Year: 2017

2016: A Year in Review (Part Two)

Part Two: I went to a talk by Elif Shafak, author of The Bastard of Istanbul, The Architects Apprentice and the soon-to-be-published The Three Daughters of Eve: Elif Shafak begins her talk at the Oxford Union by stepping off the stage to introduce herself, not waiting for any questions to be posed to her but anticipating them first, impatient to start. The controversial author – or at least controversial in Turkey, where she was prosecuted for her work ‘insulting Turkishness’– was born in Strasbourg to Turkish parents. Her parents separated soon after she was born and she was raised by her single mother, a diplomat and ‘secular, modern woman’ and her grandmother who she describes in her TED talk as ‘spiritual, less educated, less rational’, a woman who predicted the future from coffee grains. I have listened to many interviews with Shafak before, having loved her ‘The Bastard of Istanbul’ with its fairytale cast of characters and dark twist. Although she often speaks on the same theme, Shafak is never boring but as intriguing a …

2016: A Year in Review (Part One)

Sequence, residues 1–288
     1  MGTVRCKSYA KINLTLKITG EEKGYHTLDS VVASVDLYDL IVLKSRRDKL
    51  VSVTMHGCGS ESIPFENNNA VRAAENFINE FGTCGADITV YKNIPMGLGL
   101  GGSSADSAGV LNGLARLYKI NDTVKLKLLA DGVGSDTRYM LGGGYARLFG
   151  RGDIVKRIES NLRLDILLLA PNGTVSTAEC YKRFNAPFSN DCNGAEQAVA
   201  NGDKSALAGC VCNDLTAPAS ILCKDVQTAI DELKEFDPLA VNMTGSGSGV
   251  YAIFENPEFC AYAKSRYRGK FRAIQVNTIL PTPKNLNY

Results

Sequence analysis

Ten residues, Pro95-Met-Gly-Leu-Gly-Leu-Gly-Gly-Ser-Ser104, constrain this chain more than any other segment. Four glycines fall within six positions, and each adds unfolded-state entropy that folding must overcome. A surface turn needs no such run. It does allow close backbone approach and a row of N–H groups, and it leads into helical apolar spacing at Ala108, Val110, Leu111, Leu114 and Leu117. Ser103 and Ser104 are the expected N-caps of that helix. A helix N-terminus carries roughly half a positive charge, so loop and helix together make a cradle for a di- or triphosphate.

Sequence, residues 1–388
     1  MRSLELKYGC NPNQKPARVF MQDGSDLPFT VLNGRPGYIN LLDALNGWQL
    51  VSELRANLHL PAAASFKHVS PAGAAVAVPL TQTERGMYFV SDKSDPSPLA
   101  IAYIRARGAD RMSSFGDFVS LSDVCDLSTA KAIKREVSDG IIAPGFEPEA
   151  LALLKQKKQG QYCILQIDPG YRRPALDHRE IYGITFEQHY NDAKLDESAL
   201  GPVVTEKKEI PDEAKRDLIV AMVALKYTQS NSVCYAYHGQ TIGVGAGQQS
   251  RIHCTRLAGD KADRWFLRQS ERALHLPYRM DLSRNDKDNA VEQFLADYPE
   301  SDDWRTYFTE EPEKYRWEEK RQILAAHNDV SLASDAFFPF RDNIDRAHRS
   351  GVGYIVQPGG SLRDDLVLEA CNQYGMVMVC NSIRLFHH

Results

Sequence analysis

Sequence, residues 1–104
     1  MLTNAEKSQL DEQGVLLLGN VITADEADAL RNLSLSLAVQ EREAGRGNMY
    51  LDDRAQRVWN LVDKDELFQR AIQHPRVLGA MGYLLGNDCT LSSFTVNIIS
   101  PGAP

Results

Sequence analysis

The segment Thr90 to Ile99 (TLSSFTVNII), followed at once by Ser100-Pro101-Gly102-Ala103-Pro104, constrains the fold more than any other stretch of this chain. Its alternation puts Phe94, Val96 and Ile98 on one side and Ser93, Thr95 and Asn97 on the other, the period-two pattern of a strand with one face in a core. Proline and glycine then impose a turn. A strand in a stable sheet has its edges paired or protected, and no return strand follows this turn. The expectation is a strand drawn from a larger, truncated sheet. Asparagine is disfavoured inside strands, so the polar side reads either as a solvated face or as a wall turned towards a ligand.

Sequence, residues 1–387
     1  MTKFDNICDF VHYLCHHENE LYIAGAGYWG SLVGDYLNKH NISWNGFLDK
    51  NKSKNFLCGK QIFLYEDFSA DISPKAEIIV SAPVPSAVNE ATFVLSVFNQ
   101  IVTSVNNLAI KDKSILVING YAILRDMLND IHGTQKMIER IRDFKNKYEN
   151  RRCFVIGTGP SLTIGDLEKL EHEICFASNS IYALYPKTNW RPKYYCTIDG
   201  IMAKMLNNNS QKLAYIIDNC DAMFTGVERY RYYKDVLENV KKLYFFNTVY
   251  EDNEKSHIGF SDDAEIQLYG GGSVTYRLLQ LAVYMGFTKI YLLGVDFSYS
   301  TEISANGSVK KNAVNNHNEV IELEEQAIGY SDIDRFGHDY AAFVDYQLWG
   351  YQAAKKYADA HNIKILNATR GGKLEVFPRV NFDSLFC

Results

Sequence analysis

The books, music, films, places and people that made my year better. The Muse by Jessie Burton: I loved The Miniaturist but I think I might marginally prefer The Muse, which somehow manages to create an even deeper sense of mystery than its predecessor. Burton always manages to evoke so perfectly places and eras that are worlds away; in this novel the narrative moves from 1960s London to 1930s Spain and back again and it does so so convincingly that after reading it, I felt like I had jetted to Spain and recently visited the Skelton Gallery, spotting Peggy Guggenheim as I went. The story revolves around four women; in London, Trinidadian Odelle Bastien, a writer who works at the art gallery as a typist and her enigmatic superior, Marjorie Quick and in Spain, Olive Schloss, the daughter of two absentee parents and a secretive painter and Teresa Robles, a sixteen year old for whom just surviving was enough before Olive arrived in her life. The novel is really a story about art; what makes …